By mid-morning, after we’d had breakfast, we’d  taken down the tarp we had over the picnic table, shaking it well, and laid it across the picnic table to dry a bit. After we folded it up, we took the rain fly off the tent, shook it good and laid it on the table to dry a bit.

I had to explain why the rain fly was all wet on the bottom side where the rain didn’t reach all night, and that our breath contained a lot of moisture; and that during the night the rain-fly got cold and all that breath-laden moisture condensed on the cold fly -just like how the moisture in the air condenses on the cold container of milk from the cooler, or on my cold beer can last night. It took awhile to explain -I guess they hadn’t learned that in school yet. And now with the cool, cloudy weather, it was hard to get the wet tarps and tent to dry out… yada, yada.  He did seem interested, however, so it was all a worthwhile discussion. And finally the sun popped out to help dry things out a bit.

It’s usually a bit harder to explain why, when you’re wearing rain gear and hiking, you still get all wet inside the rain gear. ‘Then, why do we need the rain gear, grampa?’ Good question, Matt! But as most curmudgeons know, rain gear will keep you warm, when it’s cold or windy, which can be very important.

 

Breaking camp, and drying things out

 

We packed everything up by late morning, had lunch on the way home, and Matt was home in plenty of time for dinner. It was a short, but sweet camping trip. It was actually too short given all the gear we hauled along. We could have stayed a few more days with just a few more cans of food or dehydrated meals. Maybe next time!

 

Mike, KEØGZT  Clear!

Some amateur radio-related news

~~~~~

An interesting article from the ARRL ARES E-letter for August 16, 2017:

Emergency Management Magazine published a very favorable article on Amateur Radio. Check it out here. — Thanks, Ted Luebbers, K1AYZ

 ~~~~~

From Calling CQ – Issue 100, by Jeff Davis, KE9V:    Ham radio operators provide a valuable service .  Subscribe to Calling CQ here.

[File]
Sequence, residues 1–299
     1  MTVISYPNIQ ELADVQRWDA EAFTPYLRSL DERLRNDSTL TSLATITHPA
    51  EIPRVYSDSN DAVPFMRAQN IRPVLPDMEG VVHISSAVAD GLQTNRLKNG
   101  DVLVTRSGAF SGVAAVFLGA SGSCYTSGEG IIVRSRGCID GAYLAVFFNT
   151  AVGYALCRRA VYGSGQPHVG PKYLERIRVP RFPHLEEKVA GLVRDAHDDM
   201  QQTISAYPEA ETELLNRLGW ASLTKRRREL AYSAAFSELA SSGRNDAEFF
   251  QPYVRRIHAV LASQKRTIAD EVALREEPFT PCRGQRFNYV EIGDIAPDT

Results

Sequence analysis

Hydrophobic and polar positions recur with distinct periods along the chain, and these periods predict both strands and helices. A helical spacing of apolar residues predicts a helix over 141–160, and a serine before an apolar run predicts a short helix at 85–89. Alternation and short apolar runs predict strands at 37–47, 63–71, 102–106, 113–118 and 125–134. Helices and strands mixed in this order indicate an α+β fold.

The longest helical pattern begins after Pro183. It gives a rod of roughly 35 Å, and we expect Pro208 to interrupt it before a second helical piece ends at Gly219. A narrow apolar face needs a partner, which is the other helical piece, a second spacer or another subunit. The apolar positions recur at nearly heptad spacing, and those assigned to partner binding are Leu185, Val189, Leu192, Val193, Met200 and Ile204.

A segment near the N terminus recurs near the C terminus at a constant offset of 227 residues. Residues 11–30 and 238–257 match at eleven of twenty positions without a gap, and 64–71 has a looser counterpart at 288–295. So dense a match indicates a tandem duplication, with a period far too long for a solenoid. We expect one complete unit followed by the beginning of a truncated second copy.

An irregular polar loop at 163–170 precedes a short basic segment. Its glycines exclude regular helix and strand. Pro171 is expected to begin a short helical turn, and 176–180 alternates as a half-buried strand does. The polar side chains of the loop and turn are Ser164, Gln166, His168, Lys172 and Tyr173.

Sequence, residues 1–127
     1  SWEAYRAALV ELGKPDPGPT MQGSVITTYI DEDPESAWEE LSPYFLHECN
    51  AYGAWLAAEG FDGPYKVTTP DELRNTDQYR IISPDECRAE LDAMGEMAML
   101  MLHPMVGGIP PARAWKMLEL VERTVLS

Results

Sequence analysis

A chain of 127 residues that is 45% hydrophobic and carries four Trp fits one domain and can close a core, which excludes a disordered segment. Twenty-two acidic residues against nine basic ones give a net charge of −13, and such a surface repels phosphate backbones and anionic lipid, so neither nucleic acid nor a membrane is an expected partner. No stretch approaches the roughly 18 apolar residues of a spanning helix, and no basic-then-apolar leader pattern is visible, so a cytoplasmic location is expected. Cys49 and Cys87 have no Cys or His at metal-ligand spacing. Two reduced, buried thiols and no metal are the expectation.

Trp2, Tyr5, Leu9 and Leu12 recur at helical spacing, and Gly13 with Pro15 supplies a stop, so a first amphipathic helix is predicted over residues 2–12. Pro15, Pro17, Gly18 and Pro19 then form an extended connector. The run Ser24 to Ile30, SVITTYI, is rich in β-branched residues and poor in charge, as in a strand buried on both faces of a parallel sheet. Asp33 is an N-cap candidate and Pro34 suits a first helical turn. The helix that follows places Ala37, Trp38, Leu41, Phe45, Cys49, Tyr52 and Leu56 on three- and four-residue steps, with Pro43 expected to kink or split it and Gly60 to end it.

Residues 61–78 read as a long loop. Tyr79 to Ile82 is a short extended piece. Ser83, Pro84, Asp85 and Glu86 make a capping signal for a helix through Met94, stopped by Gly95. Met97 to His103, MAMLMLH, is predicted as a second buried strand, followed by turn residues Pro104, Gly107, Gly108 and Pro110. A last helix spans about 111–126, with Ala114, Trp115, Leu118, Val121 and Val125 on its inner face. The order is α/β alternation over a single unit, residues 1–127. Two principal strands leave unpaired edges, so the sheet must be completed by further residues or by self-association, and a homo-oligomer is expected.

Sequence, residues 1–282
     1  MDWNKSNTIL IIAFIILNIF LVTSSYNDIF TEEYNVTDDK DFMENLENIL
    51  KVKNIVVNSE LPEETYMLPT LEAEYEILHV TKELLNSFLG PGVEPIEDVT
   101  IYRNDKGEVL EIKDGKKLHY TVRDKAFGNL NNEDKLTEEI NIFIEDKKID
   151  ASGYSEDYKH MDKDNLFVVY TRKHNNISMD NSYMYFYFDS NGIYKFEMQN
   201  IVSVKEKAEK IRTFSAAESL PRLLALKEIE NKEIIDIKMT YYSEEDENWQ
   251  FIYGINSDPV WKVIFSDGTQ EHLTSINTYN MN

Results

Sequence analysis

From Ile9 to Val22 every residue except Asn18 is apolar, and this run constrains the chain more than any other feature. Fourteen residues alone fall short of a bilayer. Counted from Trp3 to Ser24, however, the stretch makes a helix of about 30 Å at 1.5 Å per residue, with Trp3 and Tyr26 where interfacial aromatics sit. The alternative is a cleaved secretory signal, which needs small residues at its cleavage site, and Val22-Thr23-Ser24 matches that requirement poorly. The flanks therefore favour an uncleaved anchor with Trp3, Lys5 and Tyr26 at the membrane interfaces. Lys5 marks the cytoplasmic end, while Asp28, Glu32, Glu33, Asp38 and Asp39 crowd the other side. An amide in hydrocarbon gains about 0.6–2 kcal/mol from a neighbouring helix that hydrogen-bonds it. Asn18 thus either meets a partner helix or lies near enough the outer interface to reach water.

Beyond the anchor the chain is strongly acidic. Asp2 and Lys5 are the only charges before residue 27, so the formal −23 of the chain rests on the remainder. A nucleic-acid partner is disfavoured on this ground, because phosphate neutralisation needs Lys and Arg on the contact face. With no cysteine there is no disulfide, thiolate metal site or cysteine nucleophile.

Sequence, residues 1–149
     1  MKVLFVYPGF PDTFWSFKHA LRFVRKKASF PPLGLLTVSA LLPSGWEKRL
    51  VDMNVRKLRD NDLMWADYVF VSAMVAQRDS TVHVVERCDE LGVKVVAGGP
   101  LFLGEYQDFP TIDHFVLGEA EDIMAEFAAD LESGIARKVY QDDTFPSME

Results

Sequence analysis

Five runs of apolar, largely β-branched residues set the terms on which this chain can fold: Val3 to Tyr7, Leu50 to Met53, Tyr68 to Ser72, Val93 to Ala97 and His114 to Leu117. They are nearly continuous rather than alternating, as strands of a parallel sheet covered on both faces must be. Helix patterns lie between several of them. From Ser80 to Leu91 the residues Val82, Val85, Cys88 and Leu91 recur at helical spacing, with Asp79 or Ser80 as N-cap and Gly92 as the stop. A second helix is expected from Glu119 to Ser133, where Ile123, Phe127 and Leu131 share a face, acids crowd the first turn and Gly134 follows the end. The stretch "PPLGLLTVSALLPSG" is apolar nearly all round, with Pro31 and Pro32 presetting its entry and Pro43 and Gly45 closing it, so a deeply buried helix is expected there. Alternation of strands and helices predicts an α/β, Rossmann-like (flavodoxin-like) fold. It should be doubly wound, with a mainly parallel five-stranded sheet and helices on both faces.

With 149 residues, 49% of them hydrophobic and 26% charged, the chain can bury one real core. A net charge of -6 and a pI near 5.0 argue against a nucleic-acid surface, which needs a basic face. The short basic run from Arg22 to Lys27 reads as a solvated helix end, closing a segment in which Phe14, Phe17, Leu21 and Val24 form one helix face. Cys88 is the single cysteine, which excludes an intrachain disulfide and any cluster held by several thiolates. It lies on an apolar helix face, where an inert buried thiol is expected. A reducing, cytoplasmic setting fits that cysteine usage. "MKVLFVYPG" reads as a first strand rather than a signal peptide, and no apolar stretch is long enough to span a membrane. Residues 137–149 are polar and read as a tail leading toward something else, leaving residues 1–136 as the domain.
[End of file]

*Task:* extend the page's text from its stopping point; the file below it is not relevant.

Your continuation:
~~~~~

 

 

About Mike Hohmann

I did lots of camping/hiking as a kid in the Scouts, and I still strive to 'be prepared.' After high school, I got bored with more school and enlisted in the Army Corps. of Engineers, doing two tours in Vietnam. Post military, I completed BS and MBA degrees and spent several decades with Corporate America, working mostly in the areas of conventional and renewable energy. I also spent over a decade as a self-employed small business consultant in marketing and finance. As a young family man with a wife and two kids, we spent many vacations camping and hiking in northern Minnesota. I spent additional long weekends fishing the rivers and camping/hiking along the North Shore of Lake Superior. I retired early and hit the trails hard-- in the lower-48, Alaska, and western Canada. These days I backpack, car-camp and day-hike, go snowshoeing, and try to get the grand-kids out to teach them the ways of the trail. Other interests include American Revolutionary War and Civil War history, 19th and 20th century firearms, Native American history; business and macroeconomics. I'm a recently-licensed amateur (Ham) radio operator, and I look forward to many radio-related adventures in coming months. Life is good! Member, Superior Hiking Trail Association; Member, Appalachian Mountain Club; Member, REI; Member, ARRL- Amateur Radio Relay League, the National Assoc. for Amateur Radio; Twin Cities Metro Skywarn Spotter; Twin City FM Club; Richfield Amateur Radio Club; QRP ARCI, Low-Power Amateur Radio Club International; Honorary Member, Toronto QRP Society; Life Member, National Rifle Association